The death of Fidel Castro in November has once again cast light on the dilemma that is the former Cuban dictator. Whilst he certainly cut a memorable figure on the world stage to say the least, internationally, opinions on Castro are mixed. His death evoked an impassioned sorrow in his native Cuba, the economy grinding to a halt as nine days of mourning were declared; and yet, elsewhere (I’m looking at you, USA) his death was cause for celebration. It’s not often that a global figure evokes such bipartisan opinion – will he be seen ultimately as a liberator or oppressor? Hero or villain?
It’s the stuff that would make compelling viewing on the big screen. The life of the dichotomous dictator would have a plot-line that would outstrip ‘House of Cards’ for political drama. His is the story of an idealistic young rebel, stealing away in a boat in the middle of the night to overthrow the dictator in power and triumphs – only to lead his people long enough to become a cigar-chomping, communist caricature with a murky record of human rights violations. If that weren’t enough excitement, he somehow also managed to survive 600 increasingly outrageous assassination attempts.
And yet; where is Castro’s story in film? The movie industry’s treatment of Castro is just as befuddled as the global media’s reaction to his death – with love and hate divvied up in equal measure. The heavyweights of Hollywood have certainly maintained a flighty, uneasy admiration of Castro – Steven Spielberg visited Castro whilst attending the Cuban Film Festival in 2002, Kevin Costner attended a private screening for Castro of ‘Thirteen Days’; Francis Ford Coppola, Robert Redford have spoken out in support of Castro – the list goes on.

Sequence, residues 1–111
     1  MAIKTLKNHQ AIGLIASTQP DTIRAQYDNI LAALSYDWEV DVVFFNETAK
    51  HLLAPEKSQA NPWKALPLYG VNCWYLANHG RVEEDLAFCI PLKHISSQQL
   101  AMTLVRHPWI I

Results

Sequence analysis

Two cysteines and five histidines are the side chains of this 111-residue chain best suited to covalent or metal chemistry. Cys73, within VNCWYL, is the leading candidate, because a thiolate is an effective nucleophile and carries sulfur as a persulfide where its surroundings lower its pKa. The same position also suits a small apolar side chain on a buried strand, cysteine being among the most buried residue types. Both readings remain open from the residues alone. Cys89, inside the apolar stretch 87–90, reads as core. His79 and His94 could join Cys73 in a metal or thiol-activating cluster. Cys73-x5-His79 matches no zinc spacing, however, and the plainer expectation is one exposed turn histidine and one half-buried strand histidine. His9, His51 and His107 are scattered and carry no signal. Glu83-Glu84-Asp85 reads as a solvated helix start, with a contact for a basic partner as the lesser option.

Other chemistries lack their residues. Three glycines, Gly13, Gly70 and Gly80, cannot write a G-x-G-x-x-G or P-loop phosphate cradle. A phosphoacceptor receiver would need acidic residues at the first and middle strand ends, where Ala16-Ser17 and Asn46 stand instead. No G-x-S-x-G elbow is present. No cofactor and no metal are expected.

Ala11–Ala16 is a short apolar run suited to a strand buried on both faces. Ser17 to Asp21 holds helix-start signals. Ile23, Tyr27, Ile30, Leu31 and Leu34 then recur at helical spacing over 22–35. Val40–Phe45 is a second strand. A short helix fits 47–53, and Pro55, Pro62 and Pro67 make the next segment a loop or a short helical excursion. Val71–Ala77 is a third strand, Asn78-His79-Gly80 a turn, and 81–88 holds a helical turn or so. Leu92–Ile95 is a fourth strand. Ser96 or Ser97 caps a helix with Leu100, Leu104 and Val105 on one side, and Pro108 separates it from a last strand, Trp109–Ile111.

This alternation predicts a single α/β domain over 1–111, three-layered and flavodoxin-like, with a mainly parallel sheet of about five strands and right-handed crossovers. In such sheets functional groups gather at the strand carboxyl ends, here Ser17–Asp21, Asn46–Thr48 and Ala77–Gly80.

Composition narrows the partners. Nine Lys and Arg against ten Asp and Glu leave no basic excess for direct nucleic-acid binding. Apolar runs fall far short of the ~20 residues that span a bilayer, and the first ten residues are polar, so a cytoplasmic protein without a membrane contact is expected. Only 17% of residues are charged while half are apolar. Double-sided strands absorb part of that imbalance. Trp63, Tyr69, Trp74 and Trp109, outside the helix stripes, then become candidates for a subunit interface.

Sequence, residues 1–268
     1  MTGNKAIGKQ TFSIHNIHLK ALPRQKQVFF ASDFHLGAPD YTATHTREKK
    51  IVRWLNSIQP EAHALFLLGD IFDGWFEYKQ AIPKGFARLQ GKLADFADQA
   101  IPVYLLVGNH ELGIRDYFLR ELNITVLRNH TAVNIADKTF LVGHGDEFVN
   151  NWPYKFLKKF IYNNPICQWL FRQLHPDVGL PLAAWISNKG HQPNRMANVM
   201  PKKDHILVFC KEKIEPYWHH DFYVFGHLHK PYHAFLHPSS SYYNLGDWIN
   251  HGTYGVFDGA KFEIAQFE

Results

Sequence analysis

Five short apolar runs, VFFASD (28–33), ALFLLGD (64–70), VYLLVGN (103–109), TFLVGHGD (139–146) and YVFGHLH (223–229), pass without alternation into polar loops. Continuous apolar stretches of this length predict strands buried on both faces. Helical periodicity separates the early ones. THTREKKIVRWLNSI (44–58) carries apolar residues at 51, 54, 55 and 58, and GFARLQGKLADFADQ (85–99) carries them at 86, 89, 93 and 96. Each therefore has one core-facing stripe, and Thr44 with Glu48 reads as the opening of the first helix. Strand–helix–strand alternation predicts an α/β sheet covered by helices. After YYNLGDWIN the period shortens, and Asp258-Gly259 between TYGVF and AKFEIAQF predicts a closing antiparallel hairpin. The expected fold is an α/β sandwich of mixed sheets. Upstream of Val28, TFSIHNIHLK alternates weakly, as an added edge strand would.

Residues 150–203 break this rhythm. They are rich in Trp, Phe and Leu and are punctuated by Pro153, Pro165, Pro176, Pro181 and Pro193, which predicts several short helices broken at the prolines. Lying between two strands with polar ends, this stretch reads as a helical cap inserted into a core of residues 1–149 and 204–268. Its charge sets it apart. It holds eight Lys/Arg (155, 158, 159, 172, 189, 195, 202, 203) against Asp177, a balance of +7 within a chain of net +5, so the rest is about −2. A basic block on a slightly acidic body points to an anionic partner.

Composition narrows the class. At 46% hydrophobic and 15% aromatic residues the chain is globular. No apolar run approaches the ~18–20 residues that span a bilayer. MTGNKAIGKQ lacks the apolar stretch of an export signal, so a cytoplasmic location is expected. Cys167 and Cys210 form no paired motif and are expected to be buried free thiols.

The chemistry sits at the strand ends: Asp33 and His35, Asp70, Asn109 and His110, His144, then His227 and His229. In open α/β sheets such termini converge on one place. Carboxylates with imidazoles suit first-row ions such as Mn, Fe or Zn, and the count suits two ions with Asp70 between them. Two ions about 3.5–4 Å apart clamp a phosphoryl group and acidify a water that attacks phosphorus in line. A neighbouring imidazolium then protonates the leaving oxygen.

While Castro has been the star of many a documentary, dramatic and cinematic accounts of his life have been lacking. When it comes to movies, Castro is always the bridesmaid to Che Guevara’s bride. Even Castro’s own cameo as an extra in the 1946 movie ‘Holiday in Mexico’ was cut out of the final film. Guevara’s story has been told and retold in films, including in 1969’s ‘Che!’, 2004’s ‘The Motorcycle Diaries’ produced by Robert Redford and 2008’s ‘Che’. Castro’s story is just as complex, politically charged and morally ambiguous. After all, the old adage ‘one man’s terrorist is another man’s freedom fighter’ certainly applies here. Whilst Che has become a figure of protest, with his face plastered over t-shirts and posters world-wide, Castro remains a figure of divisive contention. Perhaps Hollywood has tiptoed around telling the story of Castro’s rise to power for fear of evoking exactly the public reaction Castro’s death has elicited.
Now that interest has been renewed in Fidel Castro following his death, I’d bet my last cigar that we’ll see a historical drama covering the life of the leader some time in the next couple of years. Castro’s reign, which outlasted twelve US presidencies, is prime for a big-screen biopic. The cinema reels are already in motion; the ubiquitous Jennifer Lawrence is already teed up to produce and star in the story of Marita Lorenz, a former lover of Castro who was sent by the CIA to poison the Cuban leader in the 1960’s, a story covered by 2001’s German documentary ‘Dear Fidel’.